Find out how to open a bank account in the United Kingdom, whether you have a UK address or not.
Preparing for a move to the UK? Opening a bank account is a key part of this, but can feel difficult as a foreigner. We go through what your options are, what it's like to open an international bank account at the four major banks and some alternatives to consider.
You have three options:
You'll need to have proof of your UK address, which can be difficult if you haven't moved or haven't received any utility bills there yet.
These accounts are specifically for those without a UK address yet, but do require a large deposit.
You can use a multi-currency account if you don't have a UK address and can use it for currencies beyond just AUD and GBP.
Setting up a bank account if you have a UK address
If you've already got a place to live in the UK, you'll need to show two lots of proof – one document to prove your identity and the other to prove your address. You'll need to check with the bank you choose, but some examples of the documents you'll need include:
Proof of identity
- Driver's licence
- Government-issued identity card
Proof of address
- Electricity or gas bill
- Bank or credit card statement
- Mortgage statement or rent agreement
- Payslip from your employer
However, it can be hard to get these documents if you're newly arrived in the UK or haven't left Australia yet. Never fear – there are other options.
Setting up a bank account without a UK address
If you don't have a UK address, you still have options. Most of the major banks in the UK will let you set up an international account, but it's not for everyone. You'll need to have quite a large deposit and some contracts lock you in for a certain amount of time.
We'll go through how to set up this account for the four major banks in the UK if you're still in Australia.
Barclays will let you open an international bank account, but the requirements are fairly restrictive. You'll need:
- Deposit of £100,000 or equivalent within the first three months of opening.
- Annual income of $250,000, or assets worth $2.5 million.
- Letter from a qualified accountant verifying the income or assets.
For international students, it's a lot easier. You can set up an account without needing any initial deposit and you'll be able to confirm your UK address later on, if you don't have it yet.
To be able to get an international account with Lloyds, the requirements are:
- Income of £50,000 or equivalent. If it's a joint account, it's okay if only one of your incomes is that much.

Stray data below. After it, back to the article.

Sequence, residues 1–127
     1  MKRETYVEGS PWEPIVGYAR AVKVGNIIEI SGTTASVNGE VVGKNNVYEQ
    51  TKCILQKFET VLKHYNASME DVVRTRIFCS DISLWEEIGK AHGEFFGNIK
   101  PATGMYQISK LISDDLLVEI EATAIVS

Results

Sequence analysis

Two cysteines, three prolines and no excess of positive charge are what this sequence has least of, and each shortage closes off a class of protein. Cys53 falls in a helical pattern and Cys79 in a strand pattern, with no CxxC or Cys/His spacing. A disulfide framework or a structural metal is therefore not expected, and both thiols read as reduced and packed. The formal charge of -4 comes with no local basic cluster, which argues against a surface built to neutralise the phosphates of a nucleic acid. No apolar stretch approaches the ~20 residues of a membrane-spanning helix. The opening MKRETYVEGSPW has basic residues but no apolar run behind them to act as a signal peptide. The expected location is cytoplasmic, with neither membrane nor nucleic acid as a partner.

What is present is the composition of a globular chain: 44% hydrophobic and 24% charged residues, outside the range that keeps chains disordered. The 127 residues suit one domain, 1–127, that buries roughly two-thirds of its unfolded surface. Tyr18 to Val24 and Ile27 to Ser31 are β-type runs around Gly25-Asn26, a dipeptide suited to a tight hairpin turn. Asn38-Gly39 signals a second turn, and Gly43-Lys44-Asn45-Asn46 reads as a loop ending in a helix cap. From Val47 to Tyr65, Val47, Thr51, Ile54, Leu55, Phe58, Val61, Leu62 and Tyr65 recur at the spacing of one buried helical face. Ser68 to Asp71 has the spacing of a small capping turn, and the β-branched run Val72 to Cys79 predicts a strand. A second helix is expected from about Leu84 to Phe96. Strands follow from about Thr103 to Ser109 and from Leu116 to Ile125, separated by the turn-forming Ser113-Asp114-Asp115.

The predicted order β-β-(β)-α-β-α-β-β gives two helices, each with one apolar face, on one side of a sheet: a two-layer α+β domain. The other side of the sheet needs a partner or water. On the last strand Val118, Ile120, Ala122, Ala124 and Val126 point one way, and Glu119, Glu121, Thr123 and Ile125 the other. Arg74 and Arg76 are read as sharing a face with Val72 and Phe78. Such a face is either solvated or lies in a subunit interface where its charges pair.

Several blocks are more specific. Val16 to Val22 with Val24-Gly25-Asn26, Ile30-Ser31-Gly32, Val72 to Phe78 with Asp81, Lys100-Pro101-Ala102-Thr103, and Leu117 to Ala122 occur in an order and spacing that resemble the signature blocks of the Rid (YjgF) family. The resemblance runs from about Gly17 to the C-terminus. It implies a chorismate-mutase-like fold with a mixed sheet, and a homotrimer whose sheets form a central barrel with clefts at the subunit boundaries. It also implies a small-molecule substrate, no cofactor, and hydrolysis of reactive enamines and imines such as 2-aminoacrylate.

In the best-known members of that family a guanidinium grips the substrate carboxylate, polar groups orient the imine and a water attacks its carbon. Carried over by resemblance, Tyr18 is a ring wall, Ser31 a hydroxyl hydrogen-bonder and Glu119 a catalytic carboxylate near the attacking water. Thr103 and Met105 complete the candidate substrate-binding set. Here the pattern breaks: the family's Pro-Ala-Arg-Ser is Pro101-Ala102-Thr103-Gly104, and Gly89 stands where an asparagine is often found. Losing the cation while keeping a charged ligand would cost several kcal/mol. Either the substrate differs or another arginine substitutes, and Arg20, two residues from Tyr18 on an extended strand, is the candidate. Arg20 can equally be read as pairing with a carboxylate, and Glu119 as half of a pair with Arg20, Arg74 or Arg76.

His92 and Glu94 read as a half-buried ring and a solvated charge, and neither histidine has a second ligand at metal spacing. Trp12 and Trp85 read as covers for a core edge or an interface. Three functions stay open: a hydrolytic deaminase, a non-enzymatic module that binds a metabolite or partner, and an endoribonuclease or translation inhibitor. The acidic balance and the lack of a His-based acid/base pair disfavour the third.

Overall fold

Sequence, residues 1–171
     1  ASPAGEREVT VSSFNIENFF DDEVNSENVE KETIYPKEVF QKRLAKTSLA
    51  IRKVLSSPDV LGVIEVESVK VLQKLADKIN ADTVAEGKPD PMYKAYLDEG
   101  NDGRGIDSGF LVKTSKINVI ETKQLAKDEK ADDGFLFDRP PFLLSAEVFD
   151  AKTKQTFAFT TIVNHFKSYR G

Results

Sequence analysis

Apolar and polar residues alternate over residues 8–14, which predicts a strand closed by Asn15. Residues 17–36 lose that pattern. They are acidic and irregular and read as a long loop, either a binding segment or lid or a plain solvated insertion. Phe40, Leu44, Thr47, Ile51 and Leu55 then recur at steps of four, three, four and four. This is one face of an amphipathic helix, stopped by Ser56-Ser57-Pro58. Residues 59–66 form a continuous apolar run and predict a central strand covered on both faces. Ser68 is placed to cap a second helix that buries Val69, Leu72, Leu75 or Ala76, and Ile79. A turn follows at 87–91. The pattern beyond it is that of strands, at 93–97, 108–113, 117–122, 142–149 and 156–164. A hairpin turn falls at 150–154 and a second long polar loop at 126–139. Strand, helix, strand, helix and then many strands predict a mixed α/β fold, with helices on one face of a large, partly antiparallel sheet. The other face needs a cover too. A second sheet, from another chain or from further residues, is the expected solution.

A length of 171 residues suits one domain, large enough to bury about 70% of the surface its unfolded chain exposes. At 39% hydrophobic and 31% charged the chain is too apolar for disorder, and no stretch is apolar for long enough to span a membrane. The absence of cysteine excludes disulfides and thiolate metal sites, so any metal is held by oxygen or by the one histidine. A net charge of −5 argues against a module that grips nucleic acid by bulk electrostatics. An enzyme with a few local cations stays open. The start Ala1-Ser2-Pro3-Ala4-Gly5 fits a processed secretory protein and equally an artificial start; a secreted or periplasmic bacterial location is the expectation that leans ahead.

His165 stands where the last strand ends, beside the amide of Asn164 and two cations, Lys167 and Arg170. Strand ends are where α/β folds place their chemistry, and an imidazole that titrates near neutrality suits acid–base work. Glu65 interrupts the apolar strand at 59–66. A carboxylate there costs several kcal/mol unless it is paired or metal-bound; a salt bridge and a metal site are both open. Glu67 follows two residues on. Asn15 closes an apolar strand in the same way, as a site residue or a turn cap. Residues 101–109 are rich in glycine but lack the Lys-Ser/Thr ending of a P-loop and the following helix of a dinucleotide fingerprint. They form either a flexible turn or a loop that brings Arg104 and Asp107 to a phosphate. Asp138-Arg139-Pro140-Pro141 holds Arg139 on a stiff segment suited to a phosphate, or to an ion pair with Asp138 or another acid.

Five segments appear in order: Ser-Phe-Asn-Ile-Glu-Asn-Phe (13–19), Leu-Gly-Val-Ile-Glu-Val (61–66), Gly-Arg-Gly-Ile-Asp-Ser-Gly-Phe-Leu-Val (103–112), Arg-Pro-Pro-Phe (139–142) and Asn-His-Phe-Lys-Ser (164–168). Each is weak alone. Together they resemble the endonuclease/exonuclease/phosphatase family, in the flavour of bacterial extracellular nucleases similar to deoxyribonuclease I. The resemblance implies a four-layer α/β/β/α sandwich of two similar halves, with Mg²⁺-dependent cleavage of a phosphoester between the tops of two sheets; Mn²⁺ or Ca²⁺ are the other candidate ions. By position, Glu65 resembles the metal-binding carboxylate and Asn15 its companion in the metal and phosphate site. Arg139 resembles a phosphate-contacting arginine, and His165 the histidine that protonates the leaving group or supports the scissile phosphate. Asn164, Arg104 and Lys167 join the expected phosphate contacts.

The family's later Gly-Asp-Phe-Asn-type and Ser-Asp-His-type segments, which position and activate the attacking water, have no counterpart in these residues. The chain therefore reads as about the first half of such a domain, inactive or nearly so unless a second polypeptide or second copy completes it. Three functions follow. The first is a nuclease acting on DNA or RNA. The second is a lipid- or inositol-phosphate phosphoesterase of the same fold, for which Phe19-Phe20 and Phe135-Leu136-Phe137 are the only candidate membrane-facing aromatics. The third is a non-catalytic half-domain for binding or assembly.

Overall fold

- Or have £25,000 (or equivalent) to add to the account.
- Be able to make the first deposit with 30 days of opening the account.
While Lloyds does have specific bank accounts for international students, you'll need to already be living in the UK to take advantage of it.
Unfortunately, to open a UK bank account with HSBC, you'll need to go to a branch in the UK. You won't be able to complete the process online.
Another option is to set up a multi-currency account with HSBC in Australia. We'll go into multi-currency accounts more below, but HSBC's version is called the Everyday Global Account.
NatWest/Royal Bank of Scotland
You'll be able to open an international account with NatWest from Australia, but the requirements are still very high. To be eligible, you'll need:
- Minimum balance of £25,000 at all times,
- Or an income of £75,000 or more paid directly into the account.
Multi-currency accounts, also known as foreign currency accounts, let you hold several different currencies in the one account. They're mostly used for sending and receiving funds in foreign currencies. So if you're moving to the UK but still have transactions you need to make in Australian dollars, this could be an option for you.
Quite a few of the global banks offer multi-currency accounts, which you can check out below. Another option is TransferWise's Borderless Account, which gives you UK bank details, as well as US, EU and Australian ones.
How to transfer your money to your new UK bank account
Your Australian bank can help you transfer your funds to the UK, but it won't be the most cost-effective option. Banks not only charge higher fees, but also add a larger margin to the exchange rate than other money transfer options. Instead, check out what your transfer could look like with one of these other money transfer services below.
The "Rate" and "Amount Received" displayed are indicative rates that have been supplied by each brand or gathered by Finder.
Exchange rates are volatile and change often. As a result, the exchange rate listed on Finder may vary to the actual exchange rate quoted for the brand. Please confirm the actual exchange rate and mention "Finder" before you commit to a brand.